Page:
Here’s the deal. Not having liquid soap is incredibly difficult! I come into this year believing that swapping my liquid hand soap to bar soap, would be super simple. In fact so simple, it would literally be as easy as my next purchase is so going from liquid to bar. But, what I’ve come to find, is old habits die hard. Now, I did really, really, really try to make that switch; and, we did it room-by-room to help soften the blow. But alas, there is still liquid soap in our household. What I have come to understand, is the need for soap for each room that has a sink and what it really means to have soap.
First, we have the kitchen. And I know I’ve seen things on social media about a bar soap that you can use to wash your dishes, I haven’t bought into it just yet. Not saying they are good products, I’m just saying, the Dawn soap really does what I needed to do. And since the mister does the dishes most of the time, (I know I’m super lucky) this is just an easier method for him as well. I have tried, for this particular instance, to buy large bottles of Dawn soap to which we can refill our dispenser. I’m hoping, that with this, we’re able to clean out these large tubs enough to be placed in the recycling at the end of their use to help limit our plastic waste. It’s not my favorite method, but I do like having a single dispenser for hands and dishes.
Bathroom sinks. So this is an area that I thought would be incredibly simple to make a change from liquid soap to bar soap. And, it worked for a time. Not to say I wouldn’t continue, but I found myself using the hand soap to wash my face at night, and let’s just say, it didn’t do me any favors. I actually had a moment of realization. We wash our hands with these bar soaps, to try to get bacteria off our hands down the drain. But what happens to the suds that remain on that bar of soap are we finished using it for the moment? With the pandemic still ongoing, and after doing a few articles with my work on antimicrobial and antibacterial, I started to wonder if there were some actual negatives to using a bar of soap for your hands at a hand-washing sink and letting it sit there, but then also using it to wash other parts of your body.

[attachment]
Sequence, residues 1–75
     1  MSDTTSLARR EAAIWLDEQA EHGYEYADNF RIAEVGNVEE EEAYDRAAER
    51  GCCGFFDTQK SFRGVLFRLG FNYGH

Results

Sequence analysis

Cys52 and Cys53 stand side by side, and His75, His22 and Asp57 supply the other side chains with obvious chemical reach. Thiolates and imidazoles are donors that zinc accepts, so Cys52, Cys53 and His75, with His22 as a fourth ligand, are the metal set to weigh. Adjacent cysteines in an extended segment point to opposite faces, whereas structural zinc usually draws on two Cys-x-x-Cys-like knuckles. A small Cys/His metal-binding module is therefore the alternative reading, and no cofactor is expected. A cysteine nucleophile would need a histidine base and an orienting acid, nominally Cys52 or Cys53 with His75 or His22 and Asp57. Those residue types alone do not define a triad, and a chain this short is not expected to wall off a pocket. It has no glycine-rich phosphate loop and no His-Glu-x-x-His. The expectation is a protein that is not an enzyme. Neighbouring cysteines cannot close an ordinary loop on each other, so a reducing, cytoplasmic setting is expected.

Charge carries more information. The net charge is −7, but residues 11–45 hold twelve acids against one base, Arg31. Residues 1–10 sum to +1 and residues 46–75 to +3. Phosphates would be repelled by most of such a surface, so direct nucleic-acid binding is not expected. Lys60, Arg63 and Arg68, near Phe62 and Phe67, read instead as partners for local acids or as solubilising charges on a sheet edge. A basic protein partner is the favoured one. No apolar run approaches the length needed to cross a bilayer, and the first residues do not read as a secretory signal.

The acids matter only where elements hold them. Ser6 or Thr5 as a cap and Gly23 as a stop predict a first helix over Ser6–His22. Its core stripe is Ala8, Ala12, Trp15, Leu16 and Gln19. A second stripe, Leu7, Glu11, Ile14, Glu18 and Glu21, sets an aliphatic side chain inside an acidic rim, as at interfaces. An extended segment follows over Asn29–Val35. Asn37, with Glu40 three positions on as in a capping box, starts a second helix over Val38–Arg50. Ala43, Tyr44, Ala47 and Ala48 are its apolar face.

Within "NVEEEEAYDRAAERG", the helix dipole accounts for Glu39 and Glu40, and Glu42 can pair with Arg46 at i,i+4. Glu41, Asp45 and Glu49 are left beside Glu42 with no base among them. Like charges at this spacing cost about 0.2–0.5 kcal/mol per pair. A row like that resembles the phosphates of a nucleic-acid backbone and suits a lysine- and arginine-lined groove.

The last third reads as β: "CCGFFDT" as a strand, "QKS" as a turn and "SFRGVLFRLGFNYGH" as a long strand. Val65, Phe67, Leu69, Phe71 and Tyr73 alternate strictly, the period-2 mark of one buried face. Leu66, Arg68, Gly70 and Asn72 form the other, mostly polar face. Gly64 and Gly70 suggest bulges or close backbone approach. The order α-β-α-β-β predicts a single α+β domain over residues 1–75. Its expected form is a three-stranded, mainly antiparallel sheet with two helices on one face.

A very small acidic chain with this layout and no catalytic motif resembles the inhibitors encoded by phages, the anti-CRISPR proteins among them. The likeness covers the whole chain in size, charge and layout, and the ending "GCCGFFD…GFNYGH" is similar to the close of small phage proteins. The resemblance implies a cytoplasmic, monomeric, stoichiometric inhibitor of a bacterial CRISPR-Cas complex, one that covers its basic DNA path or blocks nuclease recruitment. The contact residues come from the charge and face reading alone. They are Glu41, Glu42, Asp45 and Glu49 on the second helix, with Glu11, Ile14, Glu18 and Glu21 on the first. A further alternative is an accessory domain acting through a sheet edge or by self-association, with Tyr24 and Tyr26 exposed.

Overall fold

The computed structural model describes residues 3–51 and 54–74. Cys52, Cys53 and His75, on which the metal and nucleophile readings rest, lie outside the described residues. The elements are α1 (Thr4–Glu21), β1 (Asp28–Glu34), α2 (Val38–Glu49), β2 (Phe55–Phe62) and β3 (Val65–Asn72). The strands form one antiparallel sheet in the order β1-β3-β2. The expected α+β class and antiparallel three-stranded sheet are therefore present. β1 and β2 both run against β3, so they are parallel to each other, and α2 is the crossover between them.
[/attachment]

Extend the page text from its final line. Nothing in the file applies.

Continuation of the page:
Bathroom shower. Alright, this is where it has all started: getting rid of the liquid soap in the shower area. I am proud to say that I have really stuck to my bar of soap for my body, I have even transitioned to a shampoo bar, and you know what – I actually like it way more than a bottle of shampoo! Here me out – it’s strange at first, and it does take a moment to get sudsy, but, I really feel like I can get in and under my super thick hair where I couldn’t reach with the other stuff before it “ran out”.
So, with the bar of soap sadly not working out as much as I would’ve like to in 2020, I have taken a look at some other sustainable options. The mister really likes liquid soap to wash his hands, and frankly, it is so much easier to get sudsy! So I’ve looked into a product that uses sustainable Packaging long-term use glass bottles, and tablets that I drop into the water I fill at my sink. So far, I don’t mind it. We have had an issue with a pump not popping back up and becoming pretty much useless. The Mister is also trying to accept the fact that the soap comes out foamy already rather than building up his own lather by washing (another interesting point I hadn’t thought of when it come to cleaning until now!)
We do have liquid soap in our house still. However, we have done a pretty decent job at transitioning to more sustainable options, I think.
Will we continue this resolution for 2021? Maybe. But, I think, the end goal is really more about reducing waste, rather than just limiting liquid soap as a whole.
I’d call this:
Feature photo credit by Dippyaman Nath on Unsplash